I will skip the romance and depiction of high society that frequents the movie. However, it allows the audience to see exactly how people of colour were treated in England in that era.

The End of the Slave Trade in Sight?

Eventually though, Belle rejects a most amiable proposal. One of the reasons for this was the affection that she had begun to hold for John Davinier. Either way, the story progressed as the Earl became painfully aware that his attempts to give Belle a suitable life, one in which she fitted into English society, had dismally failed. His own reluctance to rule against the crew on the Zong exacerbated this. Furthermore, he could not even rule against them without drawing criticism from every part of English society – royalty, aristocracy, and commoners – as they were too aware of his relationship with Belle. If he ruled against them, it would seem like an unfair judgement. But, realising that his wish to see Belle’s happiness in English society would never be achieved as long as people who shared her skin colour were brutally murdered and slave trade continued, he ruled against the crew of the Zong in a monumental way. As such, he became remembered for respecting the lives of slaves, and thereby as a man who was instrumental in the abolition of slavery.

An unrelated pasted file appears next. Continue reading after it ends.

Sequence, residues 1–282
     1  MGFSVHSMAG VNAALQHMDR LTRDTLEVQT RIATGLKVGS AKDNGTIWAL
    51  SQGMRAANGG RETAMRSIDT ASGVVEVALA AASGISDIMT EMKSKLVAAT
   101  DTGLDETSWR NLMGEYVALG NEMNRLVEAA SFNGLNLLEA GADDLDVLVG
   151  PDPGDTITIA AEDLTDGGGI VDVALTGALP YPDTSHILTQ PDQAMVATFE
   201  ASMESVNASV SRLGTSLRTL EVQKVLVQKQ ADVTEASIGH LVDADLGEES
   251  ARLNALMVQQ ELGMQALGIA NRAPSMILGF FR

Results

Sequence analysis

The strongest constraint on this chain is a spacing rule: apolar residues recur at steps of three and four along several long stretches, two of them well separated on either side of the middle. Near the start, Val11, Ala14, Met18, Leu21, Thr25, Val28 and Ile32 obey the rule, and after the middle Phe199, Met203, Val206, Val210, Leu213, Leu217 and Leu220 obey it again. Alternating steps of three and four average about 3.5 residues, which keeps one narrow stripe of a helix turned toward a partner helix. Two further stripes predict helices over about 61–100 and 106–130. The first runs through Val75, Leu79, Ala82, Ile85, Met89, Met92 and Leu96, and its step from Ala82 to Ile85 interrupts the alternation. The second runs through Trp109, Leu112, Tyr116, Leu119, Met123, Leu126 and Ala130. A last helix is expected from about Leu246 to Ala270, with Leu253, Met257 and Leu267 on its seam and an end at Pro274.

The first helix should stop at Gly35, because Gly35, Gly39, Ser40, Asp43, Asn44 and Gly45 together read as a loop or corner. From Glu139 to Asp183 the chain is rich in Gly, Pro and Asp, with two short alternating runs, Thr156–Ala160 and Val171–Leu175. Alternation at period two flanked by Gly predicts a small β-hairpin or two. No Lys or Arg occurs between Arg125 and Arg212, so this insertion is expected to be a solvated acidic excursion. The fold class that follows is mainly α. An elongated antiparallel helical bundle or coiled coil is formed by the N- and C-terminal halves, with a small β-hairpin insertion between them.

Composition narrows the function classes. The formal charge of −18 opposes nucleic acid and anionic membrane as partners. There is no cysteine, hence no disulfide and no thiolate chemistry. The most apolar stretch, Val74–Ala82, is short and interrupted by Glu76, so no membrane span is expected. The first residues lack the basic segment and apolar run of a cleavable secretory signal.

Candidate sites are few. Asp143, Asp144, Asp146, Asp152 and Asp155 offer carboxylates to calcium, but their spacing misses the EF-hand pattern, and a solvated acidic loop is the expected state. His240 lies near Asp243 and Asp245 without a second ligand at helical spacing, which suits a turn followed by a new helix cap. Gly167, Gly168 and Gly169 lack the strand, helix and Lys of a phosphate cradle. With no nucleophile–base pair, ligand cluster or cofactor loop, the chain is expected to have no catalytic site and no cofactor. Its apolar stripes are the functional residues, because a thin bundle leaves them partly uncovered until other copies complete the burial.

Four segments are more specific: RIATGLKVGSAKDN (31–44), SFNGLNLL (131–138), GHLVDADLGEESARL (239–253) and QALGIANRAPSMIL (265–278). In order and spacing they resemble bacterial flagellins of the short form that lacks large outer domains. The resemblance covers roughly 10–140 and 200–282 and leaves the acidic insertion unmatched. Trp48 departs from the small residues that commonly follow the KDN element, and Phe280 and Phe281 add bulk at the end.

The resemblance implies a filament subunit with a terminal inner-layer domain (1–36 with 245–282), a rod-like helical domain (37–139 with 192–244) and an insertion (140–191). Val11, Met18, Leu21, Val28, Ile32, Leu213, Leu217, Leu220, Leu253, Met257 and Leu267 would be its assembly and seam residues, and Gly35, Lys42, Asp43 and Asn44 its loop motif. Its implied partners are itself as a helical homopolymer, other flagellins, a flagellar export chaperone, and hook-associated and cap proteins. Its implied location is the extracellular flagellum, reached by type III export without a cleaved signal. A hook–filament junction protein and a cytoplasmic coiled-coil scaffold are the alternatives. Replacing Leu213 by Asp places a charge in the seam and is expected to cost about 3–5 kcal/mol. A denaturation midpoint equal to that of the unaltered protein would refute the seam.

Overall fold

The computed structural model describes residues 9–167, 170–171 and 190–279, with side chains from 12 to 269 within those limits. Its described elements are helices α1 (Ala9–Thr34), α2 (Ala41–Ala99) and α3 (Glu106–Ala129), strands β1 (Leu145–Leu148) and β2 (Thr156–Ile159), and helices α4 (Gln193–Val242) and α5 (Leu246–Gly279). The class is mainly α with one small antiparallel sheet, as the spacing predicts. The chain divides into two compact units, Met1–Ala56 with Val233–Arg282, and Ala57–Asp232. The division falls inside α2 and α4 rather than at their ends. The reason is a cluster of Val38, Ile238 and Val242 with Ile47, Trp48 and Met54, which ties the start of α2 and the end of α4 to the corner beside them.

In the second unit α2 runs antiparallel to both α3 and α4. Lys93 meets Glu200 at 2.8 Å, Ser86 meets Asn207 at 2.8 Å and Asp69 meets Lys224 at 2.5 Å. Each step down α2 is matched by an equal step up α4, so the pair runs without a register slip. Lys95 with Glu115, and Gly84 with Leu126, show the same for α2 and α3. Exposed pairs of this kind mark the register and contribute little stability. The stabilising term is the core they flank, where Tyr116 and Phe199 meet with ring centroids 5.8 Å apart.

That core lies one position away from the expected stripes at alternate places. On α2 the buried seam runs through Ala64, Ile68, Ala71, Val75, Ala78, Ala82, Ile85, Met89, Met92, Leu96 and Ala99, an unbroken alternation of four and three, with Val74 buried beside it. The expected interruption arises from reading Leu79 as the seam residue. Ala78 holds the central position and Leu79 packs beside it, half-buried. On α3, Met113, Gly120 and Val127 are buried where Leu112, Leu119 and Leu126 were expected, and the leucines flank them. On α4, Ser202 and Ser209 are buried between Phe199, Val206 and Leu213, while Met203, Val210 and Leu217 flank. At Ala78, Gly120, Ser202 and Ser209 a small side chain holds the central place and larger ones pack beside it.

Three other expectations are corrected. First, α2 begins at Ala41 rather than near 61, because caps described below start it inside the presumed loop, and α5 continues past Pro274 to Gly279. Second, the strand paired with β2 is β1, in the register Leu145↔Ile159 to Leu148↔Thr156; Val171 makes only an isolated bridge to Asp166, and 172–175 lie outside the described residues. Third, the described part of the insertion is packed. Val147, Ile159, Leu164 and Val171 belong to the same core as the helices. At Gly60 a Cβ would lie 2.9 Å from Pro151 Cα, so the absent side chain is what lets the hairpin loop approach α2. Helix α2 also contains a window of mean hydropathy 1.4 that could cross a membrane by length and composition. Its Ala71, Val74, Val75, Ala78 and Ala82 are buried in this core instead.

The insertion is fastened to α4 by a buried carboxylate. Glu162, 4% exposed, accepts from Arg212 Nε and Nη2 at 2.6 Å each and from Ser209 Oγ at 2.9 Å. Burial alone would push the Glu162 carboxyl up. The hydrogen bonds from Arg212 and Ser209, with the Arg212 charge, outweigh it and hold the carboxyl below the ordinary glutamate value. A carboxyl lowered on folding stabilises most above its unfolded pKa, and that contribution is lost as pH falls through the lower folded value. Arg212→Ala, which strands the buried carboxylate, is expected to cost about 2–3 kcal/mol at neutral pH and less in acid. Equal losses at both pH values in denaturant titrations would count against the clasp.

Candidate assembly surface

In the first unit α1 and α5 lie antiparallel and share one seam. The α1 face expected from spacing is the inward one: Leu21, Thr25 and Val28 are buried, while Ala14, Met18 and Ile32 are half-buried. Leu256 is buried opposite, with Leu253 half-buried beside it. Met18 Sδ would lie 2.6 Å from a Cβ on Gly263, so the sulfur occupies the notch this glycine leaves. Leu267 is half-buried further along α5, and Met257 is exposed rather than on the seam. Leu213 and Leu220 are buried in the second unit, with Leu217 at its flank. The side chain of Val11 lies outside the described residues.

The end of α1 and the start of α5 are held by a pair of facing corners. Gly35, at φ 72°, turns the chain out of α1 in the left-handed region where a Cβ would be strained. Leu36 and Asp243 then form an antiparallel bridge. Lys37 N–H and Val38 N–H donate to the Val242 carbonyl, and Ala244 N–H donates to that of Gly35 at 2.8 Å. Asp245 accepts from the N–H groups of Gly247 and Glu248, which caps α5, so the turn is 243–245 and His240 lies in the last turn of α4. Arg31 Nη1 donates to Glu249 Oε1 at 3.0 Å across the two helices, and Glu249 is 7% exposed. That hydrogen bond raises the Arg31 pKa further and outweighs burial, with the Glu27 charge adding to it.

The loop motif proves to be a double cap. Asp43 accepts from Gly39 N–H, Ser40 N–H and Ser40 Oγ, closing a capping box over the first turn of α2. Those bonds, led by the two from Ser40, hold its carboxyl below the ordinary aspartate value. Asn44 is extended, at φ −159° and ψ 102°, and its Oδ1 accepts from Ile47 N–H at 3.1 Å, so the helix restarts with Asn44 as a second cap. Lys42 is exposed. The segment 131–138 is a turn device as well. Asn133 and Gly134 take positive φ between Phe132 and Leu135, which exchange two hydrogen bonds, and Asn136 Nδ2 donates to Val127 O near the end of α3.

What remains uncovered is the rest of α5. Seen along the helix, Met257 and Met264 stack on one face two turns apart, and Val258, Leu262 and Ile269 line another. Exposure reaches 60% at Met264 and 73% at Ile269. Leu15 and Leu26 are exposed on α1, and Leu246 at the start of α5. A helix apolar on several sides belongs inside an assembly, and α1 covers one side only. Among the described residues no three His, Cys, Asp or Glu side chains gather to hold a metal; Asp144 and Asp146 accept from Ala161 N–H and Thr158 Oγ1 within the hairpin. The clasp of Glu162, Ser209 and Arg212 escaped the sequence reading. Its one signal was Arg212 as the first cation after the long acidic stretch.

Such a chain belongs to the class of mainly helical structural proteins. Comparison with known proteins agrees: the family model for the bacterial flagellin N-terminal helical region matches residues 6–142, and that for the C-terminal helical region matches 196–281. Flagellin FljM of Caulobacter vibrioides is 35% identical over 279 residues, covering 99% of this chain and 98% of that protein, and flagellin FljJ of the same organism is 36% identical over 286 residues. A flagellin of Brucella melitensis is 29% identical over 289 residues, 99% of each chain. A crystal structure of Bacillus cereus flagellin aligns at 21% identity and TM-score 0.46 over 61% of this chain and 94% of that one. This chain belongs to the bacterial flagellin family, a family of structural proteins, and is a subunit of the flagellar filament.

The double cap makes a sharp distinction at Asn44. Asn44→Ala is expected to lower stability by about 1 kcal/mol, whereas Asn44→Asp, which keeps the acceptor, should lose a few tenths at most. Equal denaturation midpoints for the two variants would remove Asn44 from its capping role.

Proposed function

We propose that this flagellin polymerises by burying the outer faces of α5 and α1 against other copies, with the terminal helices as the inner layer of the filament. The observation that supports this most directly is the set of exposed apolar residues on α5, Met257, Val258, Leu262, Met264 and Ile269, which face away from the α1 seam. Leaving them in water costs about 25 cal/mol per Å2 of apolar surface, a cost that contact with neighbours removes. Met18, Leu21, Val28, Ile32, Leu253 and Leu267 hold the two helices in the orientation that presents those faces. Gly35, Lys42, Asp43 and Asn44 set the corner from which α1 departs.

It cannot be known for certain what drove him to this judgement, but, the movie certainly makes the case that Belle and Davinier were instrumental. And so, the simple story of Dido Belle becomes more fascinating when we realise that not only did she defy social conventions but she possibly played a pivotal role in bringing the English slave trade to an end.